The discovery provides the first evidence that terrestrial planets can form in orbits similar to the Earth, even in a binary star system where the stars are not very far apart.
At twice the mass of the Earth, the planet orbits one of the stars in the binary system at almost exactly the same distance from which the Earth orbits the sun.
However, because the planet's host star is much dimmer than the sun, the planet is much colder than the Earth - "a little colder, in fact, than Jupiter's icy moon Europa."
"Although this planet itself is too cold to be habitable, the same planet orbiting a sun-like star in such a binary system would be in the so-called 'habitable zone' - the region where conditions might be right for life," said Scott Gaudi, a professor of astronomy at Ohio State University.
This greatly expands the potential locations to discover habitable planets in the future.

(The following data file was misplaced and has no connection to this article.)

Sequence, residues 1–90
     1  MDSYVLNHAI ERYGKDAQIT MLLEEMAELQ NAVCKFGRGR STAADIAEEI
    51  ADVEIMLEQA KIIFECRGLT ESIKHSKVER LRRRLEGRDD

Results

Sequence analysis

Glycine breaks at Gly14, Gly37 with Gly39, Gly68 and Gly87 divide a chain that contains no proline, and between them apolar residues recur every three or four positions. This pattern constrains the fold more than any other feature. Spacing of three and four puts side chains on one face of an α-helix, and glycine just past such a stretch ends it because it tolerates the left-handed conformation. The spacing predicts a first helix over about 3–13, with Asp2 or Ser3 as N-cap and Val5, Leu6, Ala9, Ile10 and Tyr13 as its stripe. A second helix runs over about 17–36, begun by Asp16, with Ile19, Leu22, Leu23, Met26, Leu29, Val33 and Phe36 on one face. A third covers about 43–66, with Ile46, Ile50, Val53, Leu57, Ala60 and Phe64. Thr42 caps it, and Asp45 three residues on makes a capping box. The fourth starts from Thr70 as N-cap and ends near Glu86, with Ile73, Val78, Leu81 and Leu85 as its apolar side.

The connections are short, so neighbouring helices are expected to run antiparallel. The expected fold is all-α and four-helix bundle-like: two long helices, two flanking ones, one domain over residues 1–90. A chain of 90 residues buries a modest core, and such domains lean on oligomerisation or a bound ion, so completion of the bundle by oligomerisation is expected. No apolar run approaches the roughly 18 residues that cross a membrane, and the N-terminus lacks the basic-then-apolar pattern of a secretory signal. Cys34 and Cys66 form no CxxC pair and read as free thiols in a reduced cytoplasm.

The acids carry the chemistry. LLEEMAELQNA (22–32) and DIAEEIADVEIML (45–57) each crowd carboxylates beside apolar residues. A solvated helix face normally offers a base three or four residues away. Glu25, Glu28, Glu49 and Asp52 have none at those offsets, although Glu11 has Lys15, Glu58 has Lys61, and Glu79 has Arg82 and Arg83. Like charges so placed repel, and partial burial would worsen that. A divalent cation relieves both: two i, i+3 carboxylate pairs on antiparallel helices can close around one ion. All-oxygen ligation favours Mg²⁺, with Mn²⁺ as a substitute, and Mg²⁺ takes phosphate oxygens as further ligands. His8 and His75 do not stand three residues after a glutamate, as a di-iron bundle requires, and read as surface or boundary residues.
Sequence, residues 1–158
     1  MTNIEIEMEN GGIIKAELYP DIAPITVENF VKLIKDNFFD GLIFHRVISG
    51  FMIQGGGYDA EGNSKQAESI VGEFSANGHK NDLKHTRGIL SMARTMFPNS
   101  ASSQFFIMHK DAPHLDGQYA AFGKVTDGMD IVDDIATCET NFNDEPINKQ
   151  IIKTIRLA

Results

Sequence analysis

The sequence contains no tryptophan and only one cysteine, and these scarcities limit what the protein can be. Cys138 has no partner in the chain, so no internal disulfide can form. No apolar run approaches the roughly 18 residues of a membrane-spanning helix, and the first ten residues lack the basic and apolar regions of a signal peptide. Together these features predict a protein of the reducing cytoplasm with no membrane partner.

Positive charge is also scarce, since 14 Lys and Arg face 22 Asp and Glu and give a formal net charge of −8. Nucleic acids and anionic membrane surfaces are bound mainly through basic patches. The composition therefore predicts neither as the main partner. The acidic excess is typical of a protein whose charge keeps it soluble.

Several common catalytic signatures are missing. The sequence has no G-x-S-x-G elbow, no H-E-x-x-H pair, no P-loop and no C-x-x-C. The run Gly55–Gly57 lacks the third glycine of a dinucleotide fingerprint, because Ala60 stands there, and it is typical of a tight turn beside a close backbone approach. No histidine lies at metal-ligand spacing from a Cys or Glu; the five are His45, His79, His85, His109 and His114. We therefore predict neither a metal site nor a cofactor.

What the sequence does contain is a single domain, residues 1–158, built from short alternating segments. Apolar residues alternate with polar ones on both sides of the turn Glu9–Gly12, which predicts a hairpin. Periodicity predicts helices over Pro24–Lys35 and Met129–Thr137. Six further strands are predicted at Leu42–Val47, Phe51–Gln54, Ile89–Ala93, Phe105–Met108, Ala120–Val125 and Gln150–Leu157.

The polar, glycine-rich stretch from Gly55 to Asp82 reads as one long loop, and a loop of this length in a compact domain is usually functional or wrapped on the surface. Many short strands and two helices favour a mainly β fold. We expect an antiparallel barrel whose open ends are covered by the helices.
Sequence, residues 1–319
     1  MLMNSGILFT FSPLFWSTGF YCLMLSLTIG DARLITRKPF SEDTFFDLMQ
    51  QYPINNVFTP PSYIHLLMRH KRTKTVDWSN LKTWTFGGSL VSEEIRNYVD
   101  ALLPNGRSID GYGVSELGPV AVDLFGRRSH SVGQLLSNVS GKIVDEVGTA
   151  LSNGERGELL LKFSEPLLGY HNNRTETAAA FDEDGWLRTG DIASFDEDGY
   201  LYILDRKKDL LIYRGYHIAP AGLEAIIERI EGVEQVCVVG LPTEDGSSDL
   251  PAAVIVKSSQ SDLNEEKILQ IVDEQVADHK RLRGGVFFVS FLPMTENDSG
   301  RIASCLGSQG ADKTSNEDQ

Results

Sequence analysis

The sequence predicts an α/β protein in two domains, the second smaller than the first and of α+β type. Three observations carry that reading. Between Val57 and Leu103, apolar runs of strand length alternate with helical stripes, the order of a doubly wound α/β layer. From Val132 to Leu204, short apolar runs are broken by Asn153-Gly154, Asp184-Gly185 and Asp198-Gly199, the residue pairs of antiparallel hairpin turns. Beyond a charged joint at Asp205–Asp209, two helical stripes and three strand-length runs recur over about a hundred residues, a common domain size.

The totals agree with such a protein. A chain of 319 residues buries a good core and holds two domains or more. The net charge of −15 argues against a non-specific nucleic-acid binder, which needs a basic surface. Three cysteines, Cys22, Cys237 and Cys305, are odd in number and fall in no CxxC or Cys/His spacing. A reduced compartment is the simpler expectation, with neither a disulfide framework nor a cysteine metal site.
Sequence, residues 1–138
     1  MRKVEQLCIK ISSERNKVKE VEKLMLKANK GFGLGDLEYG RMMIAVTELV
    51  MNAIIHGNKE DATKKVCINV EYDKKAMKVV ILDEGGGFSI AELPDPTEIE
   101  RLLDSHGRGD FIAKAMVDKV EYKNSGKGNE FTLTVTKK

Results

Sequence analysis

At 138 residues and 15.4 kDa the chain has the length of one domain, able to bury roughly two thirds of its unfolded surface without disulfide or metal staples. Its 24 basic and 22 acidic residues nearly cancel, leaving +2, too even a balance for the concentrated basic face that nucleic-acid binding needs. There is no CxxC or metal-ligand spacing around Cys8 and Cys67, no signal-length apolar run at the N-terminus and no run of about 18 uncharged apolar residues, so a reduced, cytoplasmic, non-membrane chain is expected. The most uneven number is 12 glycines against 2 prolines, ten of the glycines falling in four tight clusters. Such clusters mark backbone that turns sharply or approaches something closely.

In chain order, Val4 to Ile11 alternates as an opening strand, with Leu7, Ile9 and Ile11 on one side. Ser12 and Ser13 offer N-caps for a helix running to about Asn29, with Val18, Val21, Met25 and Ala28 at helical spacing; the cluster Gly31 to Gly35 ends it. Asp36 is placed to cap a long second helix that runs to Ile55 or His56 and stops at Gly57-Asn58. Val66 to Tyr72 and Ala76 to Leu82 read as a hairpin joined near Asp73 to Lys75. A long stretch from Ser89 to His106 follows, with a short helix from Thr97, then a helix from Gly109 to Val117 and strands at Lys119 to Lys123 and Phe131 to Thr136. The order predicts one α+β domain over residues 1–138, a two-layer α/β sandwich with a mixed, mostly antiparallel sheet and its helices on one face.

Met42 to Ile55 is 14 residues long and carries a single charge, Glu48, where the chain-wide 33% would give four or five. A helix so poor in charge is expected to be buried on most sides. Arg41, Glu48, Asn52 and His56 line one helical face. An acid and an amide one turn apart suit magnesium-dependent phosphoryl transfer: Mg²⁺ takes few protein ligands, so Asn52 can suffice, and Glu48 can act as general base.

"Half the stars in the galaxy are in binary systems. We had no idea if Earth-like planets in Earth-like orbits could even form in these systems," he added.
The planet, called OGLE-2013-BLG-0341LBb, first appeared as a "dip" in the line tracing the brightness data taken by the OGLE (Optical Gravitational Lensing Experiment) telescope.
This detailed analysis showed that the planet is twice the mass of the Earth and orbits its star from an Earth-like distance of around 90 million miles.
"This discovery suggests that there may be many more terrestrial planets out there - some possibly warmer, and possibly harbouring life," said professor Andrew Gould of the Ohio State University in a paper published in the journal Science.